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Purifi 1et400a monoblocks with Revel M126be?

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I will tell you what I see and think with the caveat that I have a moderate understanding of the RT60 and decay curves and there are others that are far more sophisticated than I am. Working backwards:

  • In looking at the waterfall, I am looking to see if there is any real unevenness in the decay times that could leads to the excess of energy we from about 500 hz up to about 2k hz when we look at your frequency response graphs. The if there is, it is your room causing the excess energy, not the speaker. What I see in your waterfall is a very even and consistent decay across that frequency range. The RT 60 range confirms that, showing decay times from 250-350 ms, which is a well dampened (actually slightly over dampened) room. This means the excess energy in that range is your speakers, not the room. It also means you should not add any dampening to the room, it will make it too dead.
  • The Rt60 also shows you have a bit of ringing in the 120hz area (which isn't there on the waterfall) and the waterfall shows your room mode at 40hz with a long decay. It appears from it your room is relatively square. There is no reasonable room treatment that will fix this issue, we all have large modes in the bass, don't worry about it too much, this is where your room correction software is useful.
  • Remember, unless there is something really off with the room, the speaker's voicing dominates the sound above the Schroeder frequency, the room below it. The Schroeder frequency in most rooms is about 200hz (it can be calculated with the room dimensions.
So now that we know how your room is measuring, lets look at your speakers and what we can do with them:
  • We are fortunate, Stereophile has measured your Spendors so we have some good data on them: https://www.stereophile.com/content/spendor-a7-loudspeaker-measurements . I see a few things that stand out that I don't like in measuring them and would lead to them being less than optimal in your room:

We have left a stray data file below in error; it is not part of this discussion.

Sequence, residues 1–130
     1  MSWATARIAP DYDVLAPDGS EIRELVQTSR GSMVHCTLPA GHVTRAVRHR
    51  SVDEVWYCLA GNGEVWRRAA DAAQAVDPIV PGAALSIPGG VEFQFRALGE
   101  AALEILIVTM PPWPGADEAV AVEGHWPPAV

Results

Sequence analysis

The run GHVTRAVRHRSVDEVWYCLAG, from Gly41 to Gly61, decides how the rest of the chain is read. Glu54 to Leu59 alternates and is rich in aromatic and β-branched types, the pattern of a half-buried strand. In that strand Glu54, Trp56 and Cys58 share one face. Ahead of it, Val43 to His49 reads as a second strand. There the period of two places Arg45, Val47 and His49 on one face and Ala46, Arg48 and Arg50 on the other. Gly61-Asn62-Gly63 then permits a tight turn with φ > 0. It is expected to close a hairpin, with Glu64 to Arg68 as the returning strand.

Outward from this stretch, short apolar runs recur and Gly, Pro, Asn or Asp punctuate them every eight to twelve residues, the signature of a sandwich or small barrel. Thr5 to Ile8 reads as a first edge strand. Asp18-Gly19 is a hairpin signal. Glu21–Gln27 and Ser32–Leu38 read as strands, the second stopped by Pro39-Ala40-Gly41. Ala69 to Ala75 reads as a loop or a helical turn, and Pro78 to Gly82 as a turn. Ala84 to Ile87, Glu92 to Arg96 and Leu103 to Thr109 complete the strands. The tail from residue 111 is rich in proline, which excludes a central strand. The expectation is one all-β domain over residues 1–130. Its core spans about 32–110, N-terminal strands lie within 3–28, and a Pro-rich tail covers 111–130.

• Depending on how your look at it, they either have a broad suckout from 100-600 hz or a broad plateau from 700-10,000 hz.
    • Their bass is strange. Generally we will see a from a very slight to a broader bump centered at about 100hz in the stereophile measurements, see these examples:
    • Your speakers don't have this bump. Rather they have a huge suckout from 150-200 hz and then a peak at 55hz. As a result their -10db point is about 30hz and at 40 hz they are only down a couple of db, which means they are going to really aggravate your room mode. They probably still aggravate it with an 80hz hp because of this weird response. Since you are using a Mini DSP, try 36db octave on them.
    • Generally, when looking at an in room response, we like to see a 5-6 db overall drop from about 100hz to 10k. We have the opposite in your room, which is going to lead to a forward and thin sound, with a big fat boom at 40hz because of their strange bass response.
    • Before you buy other speakers, give the following a try with your mini dsp:
      • Change your high pass to 36db/oct at 80 hz.
      • Add a -3db 1.0q filter at 1,200 hz.
      • Add three high shelf filters, one at 215hz, one at 1000 hz, and one at 4642 hz, all -1.7db with a q of .5
    • The foregoing filters should help with the broad midrange peak and add a bit of a house curve. Let us know how this sounds. It should help some, but your Spendors have inconsistent off axis response which will limit the effectiveness of using an EQ.
So looking at alternative speakers, her are my thoughts: